The Huffington Post reports on two landlords in San Francisco that harassed and tormented their tenants over the course of 8 years. Already the story smells fishy. Why would landlords want to harass their tenants? Tenants pay rent, and landlords usually like being paid. Harassing customers is business suicide. For example, if Wal-Mart harassed everyone who walked into their store, their competitors (e.g.Target) would soon see a nice increase in customers even if their prices were higher.
Also, why would tenants put up with 8 years of harassment? If you walked into Wal-Mart and store employees followed you around berating you, you probably would not go back.
When normal market behavior does not occur, one can bet that government is involved. Of course, Huffington Post does not post the real story behind this one. Even a whiff of economic literacy is bound to have comments censored on their forums. The real culprit is government protections for tenants.
When governments pass regulations on businesses, this practice increases the costs of doing business. Landlords, when the cost to themselves is artificially increased, adapt to this by reducing the amount of product that they supply or increasing the price. San Francisco, with lavish protections on tenants (see here and here), has seen the effects of this. They rank number 3 in major cities for the percent of income that citizens pay for housing. On top of this, the government has imposed rent control.
With the government enforced “protections”, it is no wonder why landlords must badger and harass tenants to evict them from the properties. With the government created housing shortage, it is no wonder why tenants fight to stay in the rentals. There are not many options for relocation, and the price would be predictably higher.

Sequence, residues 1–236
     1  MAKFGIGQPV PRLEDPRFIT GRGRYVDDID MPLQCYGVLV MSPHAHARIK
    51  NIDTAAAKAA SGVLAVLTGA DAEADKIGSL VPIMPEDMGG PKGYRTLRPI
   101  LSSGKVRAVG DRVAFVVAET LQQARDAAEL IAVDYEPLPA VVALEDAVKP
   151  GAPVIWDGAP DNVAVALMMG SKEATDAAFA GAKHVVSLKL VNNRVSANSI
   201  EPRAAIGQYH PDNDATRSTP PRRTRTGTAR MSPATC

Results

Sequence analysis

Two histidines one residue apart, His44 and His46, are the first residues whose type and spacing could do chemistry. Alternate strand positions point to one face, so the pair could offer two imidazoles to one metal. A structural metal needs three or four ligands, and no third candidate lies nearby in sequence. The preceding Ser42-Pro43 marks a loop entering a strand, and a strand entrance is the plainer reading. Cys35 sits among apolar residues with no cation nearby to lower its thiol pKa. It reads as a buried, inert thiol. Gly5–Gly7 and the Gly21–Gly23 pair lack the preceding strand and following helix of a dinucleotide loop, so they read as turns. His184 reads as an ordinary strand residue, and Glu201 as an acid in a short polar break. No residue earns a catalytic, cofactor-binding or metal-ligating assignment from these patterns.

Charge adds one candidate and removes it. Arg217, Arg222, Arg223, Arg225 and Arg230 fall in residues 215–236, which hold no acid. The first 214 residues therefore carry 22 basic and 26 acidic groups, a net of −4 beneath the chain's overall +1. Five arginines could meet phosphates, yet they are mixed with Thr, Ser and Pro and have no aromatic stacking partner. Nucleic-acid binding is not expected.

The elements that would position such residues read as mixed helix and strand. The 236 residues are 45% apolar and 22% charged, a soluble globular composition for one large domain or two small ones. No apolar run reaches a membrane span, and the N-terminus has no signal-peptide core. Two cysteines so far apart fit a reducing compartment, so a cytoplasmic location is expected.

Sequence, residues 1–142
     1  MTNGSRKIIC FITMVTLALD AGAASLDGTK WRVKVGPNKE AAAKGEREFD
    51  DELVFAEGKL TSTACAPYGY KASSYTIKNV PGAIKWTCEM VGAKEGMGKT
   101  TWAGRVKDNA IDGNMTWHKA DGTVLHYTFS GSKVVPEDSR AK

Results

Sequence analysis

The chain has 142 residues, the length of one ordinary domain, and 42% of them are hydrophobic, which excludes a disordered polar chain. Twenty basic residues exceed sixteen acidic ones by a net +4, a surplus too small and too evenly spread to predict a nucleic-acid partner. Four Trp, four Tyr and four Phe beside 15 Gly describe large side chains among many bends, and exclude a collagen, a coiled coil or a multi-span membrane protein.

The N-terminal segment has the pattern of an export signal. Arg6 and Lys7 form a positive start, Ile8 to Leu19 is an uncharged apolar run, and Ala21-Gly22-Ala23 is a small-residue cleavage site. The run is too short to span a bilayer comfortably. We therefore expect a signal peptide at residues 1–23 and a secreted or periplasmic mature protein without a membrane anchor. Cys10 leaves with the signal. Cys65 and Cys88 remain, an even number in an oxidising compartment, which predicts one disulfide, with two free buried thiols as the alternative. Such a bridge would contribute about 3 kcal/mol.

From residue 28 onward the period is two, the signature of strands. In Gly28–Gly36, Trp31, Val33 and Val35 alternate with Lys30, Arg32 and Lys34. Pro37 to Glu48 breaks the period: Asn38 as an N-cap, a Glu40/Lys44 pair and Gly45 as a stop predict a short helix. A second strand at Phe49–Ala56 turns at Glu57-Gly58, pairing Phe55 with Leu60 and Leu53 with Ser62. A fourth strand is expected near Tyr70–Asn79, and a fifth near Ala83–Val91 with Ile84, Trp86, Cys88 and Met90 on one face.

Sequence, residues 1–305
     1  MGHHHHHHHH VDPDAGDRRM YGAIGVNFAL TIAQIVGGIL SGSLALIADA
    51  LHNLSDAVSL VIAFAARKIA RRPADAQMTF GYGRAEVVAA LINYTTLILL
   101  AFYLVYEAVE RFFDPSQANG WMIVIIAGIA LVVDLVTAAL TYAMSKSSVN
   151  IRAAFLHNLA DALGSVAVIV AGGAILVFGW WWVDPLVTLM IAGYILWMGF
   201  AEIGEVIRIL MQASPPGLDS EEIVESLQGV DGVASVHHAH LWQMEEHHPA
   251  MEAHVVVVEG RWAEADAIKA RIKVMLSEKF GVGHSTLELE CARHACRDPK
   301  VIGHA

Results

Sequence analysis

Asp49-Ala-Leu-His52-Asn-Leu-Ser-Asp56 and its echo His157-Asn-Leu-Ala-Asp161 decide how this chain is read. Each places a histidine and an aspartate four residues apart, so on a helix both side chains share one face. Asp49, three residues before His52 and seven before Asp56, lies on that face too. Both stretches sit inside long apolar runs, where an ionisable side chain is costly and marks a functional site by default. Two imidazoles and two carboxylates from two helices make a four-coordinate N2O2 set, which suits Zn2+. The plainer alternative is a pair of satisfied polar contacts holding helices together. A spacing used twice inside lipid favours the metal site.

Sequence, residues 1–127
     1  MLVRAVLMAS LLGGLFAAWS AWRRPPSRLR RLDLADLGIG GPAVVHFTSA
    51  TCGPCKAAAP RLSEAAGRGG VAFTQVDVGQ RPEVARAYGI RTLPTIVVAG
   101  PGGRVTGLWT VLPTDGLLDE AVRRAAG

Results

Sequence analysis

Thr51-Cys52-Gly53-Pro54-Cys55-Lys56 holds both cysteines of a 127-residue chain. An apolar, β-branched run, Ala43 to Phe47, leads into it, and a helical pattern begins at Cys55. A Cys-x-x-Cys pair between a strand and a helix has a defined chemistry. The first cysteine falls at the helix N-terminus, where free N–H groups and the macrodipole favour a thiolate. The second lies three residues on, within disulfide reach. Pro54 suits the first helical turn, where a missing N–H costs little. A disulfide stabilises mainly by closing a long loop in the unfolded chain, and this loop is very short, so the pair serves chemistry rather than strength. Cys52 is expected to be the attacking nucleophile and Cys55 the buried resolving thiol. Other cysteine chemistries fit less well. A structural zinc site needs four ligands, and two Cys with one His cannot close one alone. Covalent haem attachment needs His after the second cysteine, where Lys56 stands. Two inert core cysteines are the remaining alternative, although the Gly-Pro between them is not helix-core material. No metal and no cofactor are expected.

From a rather well informed article in the New York Times:
The City by the Bay is going through one of its worst housing shortages in memory… The citywide median rental price for a one-bedroom is $2,764 a month, but jumps to $3,500 in trendy areas.
One reason for the shortage? Me.
I’ve recently joined the ranks of San Francisco landlords who have decided that it’s better to keep an apartment empty than to lease it to tenants…
Well, the clerk explained, because of the city’s troublesome rental laws, a tenant-free property is much more valuable.
A check of comparable recent sales in our neighborhood, in fact, shows that empty buildings are worth hundreds of thousands of dollars more than those with tenants, and with the current housing-price boom, that profit margin (on paper, anyway) increases each month.
That’s why we’ve joined the ranks of thousands of other small-time landlords here who will never rent again, adding to the city’s housing shortage.
Notice that government regulations have made rentals so burdensome that people are willing to pay hundreds of thousands of dollars just to not deal with renters! Maybe one day the Huffington Post will grow up and learn basic economics. I won’t hold my breath.